Here’s a Lenten practice for us: giving up self-loathing. Put aside everything you see in yourself that you hate. Seek the image of God first, then worry about smoothing out the wrinkles, if it even matters to you anymore. Maybe once we see the image of God, we will spend our time and money elsewhere.

Maybe you have a head full of impossible goals. Maybe they have been in your head since you were a child. The media creates an image of what beauty looks like, and it is an impossible image, reflected by none other than those touched up and photo shopped into perfection. The media’s beauty myth is particularly devastating for women. It is said that only 2% of women in the world believe that they are beautiful. About 10 years ago, I read this account about actress Michelle Pfeiffer. She appeared on the cover of a magazine with the caption “What Michele Pfeiffer Needs Is . . .Absolutely Nothing!” It was later discovered by a reporter, however, that Michelle Pfeiffer did need something after all. She needed more than $1,500 worth of touch-up work on that cover photo. From the touch-up artist’s bill, here is a partial list of things that were done to make Michelle Pfeiffer look beautiful: Clean up complexion, soften eye lines, soften smile line, add color to lips, trim chin, remove neck lines, soften line under earlobe, add highlights to earrings, add blush to cheek, clean up neckline, remove stray hair, remove hair strands on dress, adjust color and add hair on top of head, add dress on side to create better line, add forehead, add dress on shoulder, soften neck muscle a bit, clean up and smooth dress folds under arm, and create one seam on image on right side. Total price: $1,525.00

Imagine if beauty was measured according to the image of God. What percentage of people in the world recognize the image of God within, no matter how they define or experience that image of God? Don’t fall for the beauty myth. You are so much more valuable than the media would have you believe.

I came across a beautiful article on the beauty myth, written by a blind man. The man describes the way he experiences beauty:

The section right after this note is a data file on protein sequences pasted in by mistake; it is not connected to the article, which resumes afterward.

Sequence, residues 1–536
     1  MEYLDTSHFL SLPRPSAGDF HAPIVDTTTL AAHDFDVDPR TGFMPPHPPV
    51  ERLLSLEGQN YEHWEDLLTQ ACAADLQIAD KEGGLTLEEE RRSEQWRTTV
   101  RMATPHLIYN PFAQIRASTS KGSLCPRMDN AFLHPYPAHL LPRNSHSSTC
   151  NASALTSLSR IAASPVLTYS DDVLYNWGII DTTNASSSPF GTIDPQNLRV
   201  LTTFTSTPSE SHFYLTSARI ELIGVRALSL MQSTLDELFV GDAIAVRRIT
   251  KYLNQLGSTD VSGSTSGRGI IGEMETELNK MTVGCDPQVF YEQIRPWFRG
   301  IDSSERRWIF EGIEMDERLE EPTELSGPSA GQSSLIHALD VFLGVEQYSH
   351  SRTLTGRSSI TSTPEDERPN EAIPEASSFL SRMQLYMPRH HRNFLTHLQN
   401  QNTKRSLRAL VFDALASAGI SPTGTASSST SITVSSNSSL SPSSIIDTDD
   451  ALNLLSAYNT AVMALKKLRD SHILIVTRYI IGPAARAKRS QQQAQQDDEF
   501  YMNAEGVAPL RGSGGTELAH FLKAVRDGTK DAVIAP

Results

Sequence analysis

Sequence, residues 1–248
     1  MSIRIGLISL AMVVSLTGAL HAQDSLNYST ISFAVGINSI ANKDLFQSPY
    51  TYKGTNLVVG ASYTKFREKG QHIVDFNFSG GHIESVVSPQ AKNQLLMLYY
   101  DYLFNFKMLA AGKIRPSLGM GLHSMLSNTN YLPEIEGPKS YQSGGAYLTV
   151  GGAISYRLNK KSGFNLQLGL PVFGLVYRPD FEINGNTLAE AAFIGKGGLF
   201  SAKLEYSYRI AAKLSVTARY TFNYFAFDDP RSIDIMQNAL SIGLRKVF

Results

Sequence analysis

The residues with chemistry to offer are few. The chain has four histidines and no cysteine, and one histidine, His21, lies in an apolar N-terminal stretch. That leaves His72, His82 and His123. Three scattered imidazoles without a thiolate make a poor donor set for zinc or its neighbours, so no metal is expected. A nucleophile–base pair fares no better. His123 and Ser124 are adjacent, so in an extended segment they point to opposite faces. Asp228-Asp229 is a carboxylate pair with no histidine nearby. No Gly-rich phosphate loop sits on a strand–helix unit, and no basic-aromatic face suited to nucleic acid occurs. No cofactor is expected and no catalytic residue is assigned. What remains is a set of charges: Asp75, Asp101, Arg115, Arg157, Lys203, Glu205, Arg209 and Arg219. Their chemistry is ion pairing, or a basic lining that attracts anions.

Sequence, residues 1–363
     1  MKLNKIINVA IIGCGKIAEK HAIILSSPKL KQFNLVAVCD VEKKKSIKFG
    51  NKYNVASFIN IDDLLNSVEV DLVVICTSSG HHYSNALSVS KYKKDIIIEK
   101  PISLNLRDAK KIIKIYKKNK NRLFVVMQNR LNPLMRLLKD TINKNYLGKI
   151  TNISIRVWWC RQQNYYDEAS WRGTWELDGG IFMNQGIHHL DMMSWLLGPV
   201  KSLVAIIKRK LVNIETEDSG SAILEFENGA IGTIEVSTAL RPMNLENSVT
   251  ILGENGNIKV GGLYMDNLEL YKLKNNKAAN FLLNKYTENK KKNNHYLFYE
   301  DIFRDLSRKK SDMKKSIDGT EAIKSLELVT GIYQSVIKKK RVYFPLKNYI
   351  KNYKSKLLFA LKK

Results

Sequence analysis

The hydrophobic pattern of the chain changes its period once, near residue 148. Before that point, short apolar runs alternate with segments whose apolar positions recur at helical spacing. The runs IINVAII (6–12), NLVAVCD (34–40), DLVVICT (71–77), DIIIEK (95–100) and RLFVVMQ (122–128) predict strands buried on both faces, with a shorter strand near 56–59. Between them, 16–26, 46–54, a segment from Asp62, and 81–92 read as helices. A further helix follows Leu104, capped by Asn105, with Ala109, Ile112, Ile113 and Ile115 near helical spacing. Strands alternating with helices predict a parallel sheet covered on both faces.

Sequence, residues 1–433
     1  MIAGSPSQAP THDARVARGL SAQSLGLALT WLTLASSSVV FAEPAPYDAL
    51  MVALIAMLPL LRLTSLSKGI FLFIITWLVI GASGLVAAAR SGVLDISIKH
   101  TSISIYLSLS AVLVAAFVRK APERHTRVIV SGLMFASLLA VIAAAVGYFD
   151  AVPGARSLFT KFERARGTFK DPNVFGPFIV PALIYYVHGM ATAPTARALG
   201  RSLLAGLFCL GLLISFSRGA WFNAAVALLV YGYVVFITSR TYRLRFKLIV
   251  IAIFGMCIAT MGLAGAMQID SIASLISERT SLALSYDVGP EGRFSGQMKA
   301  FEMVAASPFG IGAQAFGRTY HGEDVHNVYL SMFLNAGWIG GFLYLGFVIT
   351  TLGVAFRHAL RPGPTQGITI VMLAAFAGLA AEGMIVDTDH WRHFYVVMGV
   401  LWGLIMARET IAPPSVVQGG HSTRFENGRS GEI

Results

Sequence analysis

Occasionally, I allow myself to imagine that I see the inestimable and charged faces that we all suspect lie just below the surface. But in any event, I know you differently than do your hand mirrors or photographs. One thing I won’t know is whether you are, in the ocular sense of the word, beautiful. It’s not that I’m inured to beauty. Imagine that you’re talking to a woman who is sitting across a table from you. When you look at her, all you see is a shimmering cloud of light. On the one hand, you are able to observe people as mystical emanations of divine radiance. On the other hand, you don’t know what this woman looks like. So you pour some pinot grigio, and you listen. She’s talking about hats: late 19th-century “Gibson girl” hats with the flowers and jaunty brims. She’s talking about the first great era of catalogue fashion and a new kind of innocent loveliness. A sighted person might have trouble believing this, but if you’re having a nice time in a cloud of light, and you’re talking about beauty, the person opposite you is, in fact, beautiful.”
Isn’t that marvelous? He senses “mystical emanations of divine radiance.

I think that when we realize that we are created in the image of God, cracks and all, we can experience atonement. The idea of atonement rests on the notion that there is a rupture between God and us. We live in the world of the rupture, where every creature walks alone, feeling split off from the Whole, cut off from holiness and goodness, severed from the Source of life and power. Where is this the all-surpassing power of God that Paul talks about? Let’s listen a little earlier in 2 Corinthians. Paul writes these words:
“For the Lord is the Spirit, and wherever the Spirit of the Lord is, there is freedom. So all of us who have had that veil removed can see and reflect the glory of the Lord. And the Lord—who is the Spirit—makes us more and more like him as we are changed into his glorious image” (3:18)

The Greek translation of the word image is eikon. The atonement is designed by God to restore cracked eikons into glory-producing eikons. To be saved is to be renewed in the true image of God, as women and men in Christ. To be saved is to have our relationships restored between God, others, and the self. We are free to be new creations – people who sparkle and shine, and reflect God’s glory. And don’t you worry. God shines through you. Through cracks and wrinkles, through spare tires and stretch marks, through faults mistakes and regrets, God shines through you.

So get rid of some self-loathing this Lent. Seek God. Look beyond the masks and the false images of your Self that you think will win admiration from others. Look beyond the beauty myths and ridiculously unreachable standards. Look beyond any poor estimations of yourself. You may be surprised to find God in a place where you never thought God would be. You might just see the image of God shining in you. Then you will also be able to see the image of God in the world around you.

Sources:
· Reflecting the Image of God.
· A 2nd Helping of Chicken Soup for the Soul
· The Washington Post. · AR2006110801480.html?referrer=emailarticle>.
· Austin Garrett Ward. .